In the 1930’s a jockey by the name of Harold Skidmore was arguably one of the best jockeys of all time. He won the jockeys’ premiership three times and the racing public and the newspapers followed his every move.
When Harold was 11 years old he was apprenticed to Stan Murphy and later he rode for Tommy Smith. By the time he was 15, his list of injuries included concussion and a brain hemorrhage, a broken pelvis and a broken collarbone. None of this seemed to faze him because he went on to ride 150 winners. This by far outstripped the jockey who rode Phar Lap during his career.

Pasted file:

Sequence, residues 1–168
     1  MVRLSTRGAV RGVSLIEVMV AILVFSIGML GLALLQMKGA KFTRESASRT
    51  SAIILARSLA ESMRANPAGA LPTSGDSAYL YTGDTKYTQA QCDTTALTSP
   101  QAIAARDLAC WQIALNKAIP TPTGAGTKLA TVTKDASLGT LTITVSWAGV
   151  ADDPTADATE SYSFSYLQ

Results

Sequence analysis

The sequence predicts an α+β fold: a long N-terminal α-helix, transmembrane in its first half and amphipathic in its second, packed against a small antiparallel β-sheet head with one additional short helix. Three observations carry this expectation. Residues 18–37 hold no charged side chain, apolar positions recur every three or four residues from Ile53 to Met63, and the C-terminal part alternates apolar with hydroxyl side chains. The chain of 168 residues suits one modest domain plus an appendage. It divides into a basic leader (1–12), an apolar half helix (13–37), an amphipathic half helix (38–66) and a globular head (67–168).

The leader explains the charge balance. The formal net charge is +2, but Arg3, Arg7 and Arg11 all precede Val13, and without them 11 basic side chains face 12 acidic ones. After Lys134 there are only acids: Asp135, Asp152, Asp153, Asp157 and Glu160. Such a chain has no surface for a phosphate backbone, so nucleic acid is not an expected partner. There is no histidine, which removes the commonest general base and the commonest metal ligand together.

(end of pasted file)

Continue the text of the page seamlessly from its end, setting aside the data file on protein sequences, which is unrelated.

The reason I am including young Harold in this series of historic notes is because Harry had a few problems in the Berwick/Pakenham region. The first was while he was competing at the Pakenham racecourse. His expensive kangaroo skin saddle was stolen along with one owned by jockey William Cox. It appears that they were never recovered.
The second little issue with the law was when he was 17 years old. He was driving back from the Pakenham races when he was chased and pulled up by two motorcycle police in Berwick and charged with speeding. Aside from the fact that he was unlicensed, this misdemeanor made headlines because of the incredible speed that he was doing and the recklessness of it. Harold managed to get the car up to a whopping 55 miles per hour (or 88 kilometers per hour). He was fined £10 but appealed and this was later dropped to £5.
Harold went on to become a well respected owner and trainer of racehorses and in retirement raced a few greyhounds and learnt to fish.